Robert Stephens - Overcome Autoimmune disease and Thrive


What To Eat During Pregnancy

This program is intended for women who are planning to get pregnant within six months
to two years. According to some research, metabolic syndrome, breast cancer, and heart disease are
influenced by sub-optimum nutrition during early development, such as maternal obesity
or malnutrition. Poor maternal nutrition leads to epigenetic modifications that alter
factors that change birth weight, and ultimately lead to disease. The nine months of
gestation is possibly the most critical time for determining the child’s state of health
throughout life (Kresser, 2016). This underscores the importance of good maternal diet.

Strategy for a Healthy Pregnancy
– Frequent meals, healthy snacks. A good breakfast.
– Good sleep, and stress management.
– Foods that maximize nutrients and minimize toxins.
– Supplements, if necessary.

Ideally, more time will likely give time to improve nutritional status of the
mother before becoming pregnant. There is a need for clear, rational nutrition advice.
Women are often confused by a cacophony of messages from so-called experts. The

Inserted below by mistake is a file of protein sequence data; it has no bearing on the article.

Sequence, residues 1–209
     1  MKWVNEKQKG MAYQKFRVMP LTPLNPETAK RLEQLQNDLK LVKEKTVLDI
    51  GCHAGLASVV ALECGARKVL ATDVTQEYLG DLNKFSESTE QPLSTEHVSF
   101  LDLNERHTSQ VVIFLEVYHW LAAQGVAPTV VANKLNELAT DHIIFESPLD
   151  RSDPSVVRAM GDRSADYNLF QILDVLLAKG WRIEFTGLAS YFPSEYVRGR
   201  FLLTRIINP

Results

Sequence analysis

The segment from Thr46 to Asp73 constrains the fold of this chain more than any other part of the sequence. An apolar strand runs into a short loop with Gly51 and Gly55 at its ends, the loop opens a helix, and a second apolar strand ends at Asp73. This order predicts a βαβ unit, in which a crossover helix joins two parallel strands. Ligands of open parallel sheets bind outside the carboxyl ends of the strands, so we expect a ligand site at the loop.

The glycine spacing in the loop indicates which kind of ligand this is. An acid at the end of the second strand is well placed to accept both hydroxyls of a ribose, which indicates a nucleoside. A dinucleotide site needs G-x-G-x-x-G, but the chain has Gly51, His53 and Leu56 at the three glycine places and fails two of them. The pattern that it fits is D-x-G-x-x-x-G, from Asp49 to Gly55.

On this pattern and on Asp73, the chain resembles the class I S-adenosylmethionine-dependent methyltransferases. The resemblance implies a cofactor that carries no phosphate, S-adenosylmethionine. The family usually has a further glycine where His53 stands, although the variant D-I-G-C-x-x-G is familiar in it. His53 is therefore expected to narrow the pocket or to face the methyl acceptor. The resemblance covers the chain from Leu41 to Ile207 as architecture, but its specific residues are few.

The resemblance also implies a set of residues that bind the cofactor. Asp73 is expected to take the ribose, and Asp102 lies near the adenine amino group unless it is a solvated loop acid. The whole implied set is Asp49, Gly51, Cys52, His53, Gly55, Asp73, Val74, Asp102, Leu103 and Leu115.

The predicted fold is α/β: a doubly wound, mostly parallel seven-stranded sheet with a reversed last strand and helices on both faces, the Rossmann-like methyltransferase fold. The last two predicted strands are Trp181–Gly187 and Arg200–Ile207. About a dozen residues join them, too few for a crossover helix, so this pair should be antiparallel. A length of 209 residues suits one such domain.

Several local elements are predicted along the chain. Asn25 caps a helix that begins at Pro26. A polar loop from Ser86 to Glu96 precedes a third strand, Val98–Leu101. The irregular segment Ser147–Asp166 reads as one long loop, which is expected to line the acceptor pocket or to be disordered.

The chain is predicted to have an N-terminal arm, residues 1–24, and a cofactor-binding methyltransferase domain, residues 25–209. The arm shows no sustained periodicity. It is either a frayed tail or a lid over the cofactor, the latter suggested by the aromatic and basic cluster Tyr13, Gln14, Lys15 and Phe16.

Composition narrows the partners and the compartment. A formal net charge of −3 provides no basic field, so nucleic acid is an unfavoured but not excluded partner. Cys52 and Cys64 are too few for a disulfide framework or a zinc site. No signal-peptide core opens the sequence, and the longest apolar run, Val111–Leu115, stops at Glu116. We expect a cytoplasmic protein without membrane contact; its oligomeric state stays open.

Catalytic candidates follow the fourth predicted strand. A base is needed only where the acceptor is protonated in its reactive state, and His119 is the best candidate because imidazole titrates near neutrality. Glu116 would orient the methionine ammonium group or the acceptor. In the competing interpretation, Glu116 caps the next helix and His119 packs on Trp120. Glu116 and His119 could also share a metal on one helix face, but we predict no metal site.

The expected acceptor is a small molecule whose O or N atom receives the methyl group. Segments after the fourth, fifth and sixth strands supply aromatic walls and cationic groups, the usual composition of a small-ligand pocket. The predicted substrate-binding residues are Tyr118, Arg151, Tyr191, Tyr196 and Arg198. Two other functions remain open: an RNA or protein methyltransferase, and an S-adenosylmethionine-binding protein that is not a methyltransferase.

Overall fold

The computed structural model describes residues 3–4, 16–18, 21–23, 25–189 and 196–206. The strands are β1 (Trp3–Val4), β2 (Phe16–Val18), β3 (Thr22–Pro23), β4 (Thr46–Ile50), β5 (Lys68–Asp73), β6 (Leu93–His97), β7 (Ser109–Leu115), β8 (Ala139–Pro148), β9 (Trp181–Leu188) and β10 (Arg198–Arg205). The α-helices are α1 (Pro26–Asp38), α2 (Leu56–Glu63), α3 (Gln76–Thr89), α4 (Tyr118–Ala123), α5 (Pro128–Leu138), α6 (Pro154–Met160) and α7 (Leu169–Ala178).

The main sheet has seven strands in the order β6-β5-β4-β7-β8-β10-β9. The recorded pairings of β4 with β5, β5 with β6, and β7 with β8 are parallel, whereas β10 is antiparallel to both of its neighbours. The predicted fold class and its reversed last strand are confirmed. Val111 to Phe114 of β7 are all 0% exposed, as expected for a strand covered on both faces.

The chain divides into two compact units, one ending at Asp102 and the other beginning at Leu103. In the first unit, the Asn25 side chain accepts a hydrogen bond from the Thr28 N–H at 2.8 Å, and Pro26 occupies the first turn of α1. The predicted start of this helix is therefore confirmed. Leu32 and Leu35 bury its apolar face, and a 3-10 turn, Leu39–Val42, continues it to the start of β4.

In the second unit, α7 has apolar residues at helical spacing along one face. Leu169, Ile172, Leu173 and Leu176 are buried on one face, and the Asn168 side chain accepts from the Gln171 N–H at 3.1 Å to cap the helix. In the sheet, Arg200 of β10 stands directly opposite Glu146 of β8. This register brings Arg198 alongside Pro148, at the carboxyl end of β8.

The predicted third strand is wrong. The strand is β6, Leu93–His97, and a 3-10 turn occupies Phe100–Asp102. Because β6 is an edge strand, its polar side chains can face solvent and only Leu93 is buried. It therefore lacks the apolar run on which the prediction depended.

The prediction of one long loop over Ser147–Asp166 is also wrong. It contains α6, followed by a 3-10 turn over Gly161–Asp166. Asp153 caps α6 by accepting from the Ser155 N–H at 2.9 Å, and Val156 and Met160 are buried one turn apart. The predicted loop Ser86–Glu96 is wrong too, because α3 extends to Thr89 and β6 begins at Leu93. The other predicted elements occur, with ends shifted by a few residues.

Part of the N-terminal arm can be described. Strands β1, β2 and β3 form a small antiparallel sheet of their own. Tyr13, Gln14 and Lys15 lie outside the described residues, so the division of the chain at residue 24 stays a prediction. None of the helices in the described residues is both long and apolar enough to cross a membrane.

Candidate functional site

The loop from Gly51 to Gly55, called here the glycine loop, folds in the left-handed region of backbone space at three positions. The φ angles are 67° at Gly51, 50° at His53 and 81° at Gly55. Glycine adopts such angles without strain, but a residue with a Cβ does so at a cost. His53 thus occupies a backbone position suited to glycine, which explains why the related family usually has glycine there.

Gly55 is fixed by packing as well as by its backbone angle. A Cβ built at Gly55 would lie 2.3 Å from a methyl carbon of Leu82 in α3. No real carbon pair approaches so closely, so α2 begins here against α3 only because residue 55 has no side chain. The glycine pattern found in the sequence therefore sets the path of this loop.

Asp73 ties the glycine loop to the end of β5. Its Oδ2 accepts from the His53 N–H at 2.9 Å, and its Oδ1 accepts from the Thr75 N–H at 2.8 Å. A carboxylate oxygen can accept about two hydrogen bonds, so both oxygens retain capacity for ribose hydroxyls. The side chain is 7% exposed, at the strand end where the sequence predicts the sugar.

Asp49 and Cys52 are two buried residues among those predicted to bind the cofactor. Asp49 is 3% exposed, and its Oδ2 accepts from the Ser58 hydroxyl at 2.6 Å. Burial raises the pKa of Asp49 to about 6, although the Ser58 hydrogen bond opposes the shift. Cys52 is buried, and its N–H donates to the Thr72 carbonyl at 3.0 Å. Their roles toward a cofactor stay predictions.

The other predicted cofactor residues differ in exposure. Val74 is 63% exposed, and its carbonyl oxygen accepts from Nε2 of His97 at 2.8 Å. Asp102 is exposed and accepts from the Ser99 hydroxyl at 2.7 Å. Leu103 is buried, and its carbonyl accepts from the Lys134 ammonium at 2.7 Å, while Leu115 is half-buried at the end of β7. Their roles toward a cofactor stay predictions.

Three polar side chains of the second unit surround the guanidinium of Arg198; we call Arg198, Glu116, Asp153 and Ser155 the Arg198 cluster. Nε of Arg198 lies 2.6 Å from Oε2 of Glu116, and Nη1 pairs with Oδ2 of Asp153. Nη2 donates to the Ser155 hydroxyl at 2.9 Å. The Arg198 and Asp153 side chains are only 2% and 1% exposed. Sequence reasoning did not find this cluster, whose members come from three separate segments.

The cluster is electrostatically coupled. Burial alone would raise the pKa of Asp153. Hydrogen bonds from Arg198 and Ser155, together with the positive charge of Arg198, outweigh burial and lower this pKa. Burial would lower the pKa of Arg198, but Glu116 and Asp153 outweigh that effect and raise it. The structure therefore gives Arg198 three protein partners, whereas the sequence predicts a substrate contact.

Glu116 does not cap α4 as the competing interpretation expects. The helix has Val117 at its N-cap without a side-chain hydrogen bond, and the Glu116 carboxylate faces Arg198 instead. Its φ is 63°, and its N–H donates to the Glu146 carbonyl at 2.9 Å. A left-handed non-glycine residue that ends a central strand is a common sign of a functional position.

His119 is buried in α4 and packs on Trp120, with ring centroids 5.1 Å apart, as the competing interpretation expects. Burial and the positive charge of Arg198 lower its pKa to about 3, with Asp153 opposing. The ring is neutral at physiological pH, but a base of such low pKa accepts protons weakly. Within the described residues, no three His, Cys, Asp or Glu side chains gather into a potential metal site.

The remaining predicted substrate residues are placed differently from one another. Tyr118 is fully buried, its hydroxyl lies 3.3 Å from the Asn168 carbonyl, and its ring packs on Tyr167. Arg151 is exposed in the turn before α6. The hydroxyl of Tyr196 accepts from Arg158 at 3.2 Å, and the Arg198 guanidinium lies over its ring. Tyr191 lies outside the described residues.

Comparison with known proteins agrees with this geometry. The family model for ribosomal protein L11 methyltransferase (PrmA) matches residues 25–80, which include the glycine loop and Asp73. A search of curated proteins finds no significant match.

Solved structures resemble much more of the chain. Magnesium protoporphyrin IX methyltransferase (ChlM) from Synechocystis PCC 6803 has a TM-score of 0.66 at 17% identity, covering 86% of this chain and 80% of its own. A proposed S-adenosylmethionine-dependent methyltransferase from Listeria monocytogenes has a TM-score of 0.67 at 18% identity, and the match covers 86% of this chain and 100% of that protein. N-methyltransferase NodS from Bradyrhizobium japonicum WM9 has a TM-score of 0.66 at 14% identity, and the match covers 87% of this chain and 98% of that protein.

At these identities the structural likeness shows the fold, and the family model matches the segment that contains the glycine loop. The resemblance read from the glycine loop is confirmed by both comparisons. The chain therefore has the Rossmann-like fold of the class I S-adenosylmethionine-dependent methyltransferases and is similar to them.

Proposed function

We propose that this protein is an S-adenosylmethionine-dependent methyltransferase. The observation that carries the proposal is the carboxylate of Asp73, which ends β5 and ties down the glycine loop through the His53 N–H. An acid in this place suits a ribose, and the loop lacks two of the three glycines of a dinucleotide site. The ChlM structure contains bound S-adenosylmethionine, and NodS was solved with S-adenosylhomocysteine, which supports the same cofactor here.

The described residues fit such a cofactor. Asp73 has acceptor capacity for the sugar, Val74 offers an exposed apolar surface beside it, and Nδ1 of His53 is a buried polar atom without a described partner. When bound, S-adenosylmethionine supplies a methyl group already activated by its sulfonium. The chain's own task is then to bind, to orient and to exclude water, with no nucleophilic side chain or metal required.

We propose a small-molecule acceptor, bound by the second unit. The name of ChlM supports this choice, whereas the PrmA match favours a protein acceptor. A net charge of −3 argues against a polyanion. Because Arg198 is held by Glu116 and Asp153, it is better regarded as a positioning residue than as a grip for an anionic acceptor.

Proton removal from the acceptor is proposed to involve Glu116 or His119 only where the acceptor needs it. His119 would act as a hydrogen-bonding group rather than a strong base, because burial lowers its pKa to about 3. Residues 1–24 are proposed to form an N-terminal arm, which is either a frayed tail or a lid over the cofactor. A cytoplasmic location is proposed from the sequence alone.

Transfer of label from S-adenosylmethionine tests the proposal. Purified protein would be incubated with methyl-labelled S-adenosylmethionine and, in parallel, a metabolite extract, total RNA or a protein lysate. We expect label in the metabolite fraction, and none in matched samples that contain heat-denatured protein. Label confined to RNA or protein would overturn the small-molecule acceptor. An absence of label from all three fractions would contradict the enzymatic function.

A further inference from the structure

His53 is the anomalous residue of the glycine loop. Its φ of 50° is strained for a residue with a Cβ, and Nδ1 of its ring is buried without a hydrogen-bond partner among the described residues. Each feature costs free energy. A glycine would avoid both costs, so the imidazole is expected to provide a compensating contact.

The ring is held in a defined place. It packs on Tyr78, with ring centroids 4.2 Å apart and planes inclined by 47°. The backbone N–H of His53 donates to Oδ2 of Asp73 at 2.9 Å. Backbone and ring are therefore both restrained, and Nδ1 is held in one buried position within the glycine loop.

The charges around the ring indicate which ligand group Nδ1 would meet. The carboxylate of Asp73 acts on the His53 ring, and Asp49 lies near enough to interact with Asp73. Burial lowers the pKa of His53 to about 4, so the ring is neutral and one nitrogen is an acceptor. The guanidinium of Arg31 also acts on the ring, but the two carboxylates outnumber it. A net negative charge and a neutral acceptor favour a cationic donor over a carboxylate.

USDA advises “make choices that limit calories from added sugars and saturated fats.
Added sugars and saturated fats can be found in foods like soft drinks, desserts, fried
foods, cheese, whole milk, and fatty meats. Choose vegetable oils instead of
butter… ” (FDA, 2017). Sugar should indeed be limited, but restricting
calories during pregnancy is not a good idea, and I haven’t seen any convincing
evidence that saturated fat is harmful during pregnancy, particularly if it’s replaced with
vegetable oil. Reducing the intake of healthy fats is a bad idea especially during
pregnancy because it will result in cravings, and replacing butter with vegetable oils will
result in lower intakes of essential fat-soluble vitamins and increase the oxidative stress
burden on the body (Cy, Kamisah, Faziza, & Jaarin, 2012) (Rose, Thompson, &
Williams, 1965). Sharon Moore writes that omega-6 saturated fat causes deranged fat
metabolism (Moore, Chapter 7). This statement doesn’t make sense, but that does
exemplify the quality of nutrition advice women typically receive. Certain genetic
polymorphisms predispose to elevated blood lipids when saturated fat is consumed,
although the association of dyslipidemia with saturated fat intake might reveal a
deficiency of dietary choline, because Americans no longer eat organ meats and egg
yolks (Masterjohn, 2010). Sally Fallon asserts that animal fats, including saturated fats
and cholesterol, are beneficial in the diet, and that pregnant women need plenty of fat-
soluble vitamins found in butter, cream, fish and fish eggs, eggs and organ meats
(Fallon, 1999, p. 10). Women should be counselled to eschew fad diet advice which
originates in the food industry and our own government, and consume a diet that is rich
in nutrients, and appropriate for her situation and health needs. Ratios of macronutrients
are secondary to the quality of food that is consumed.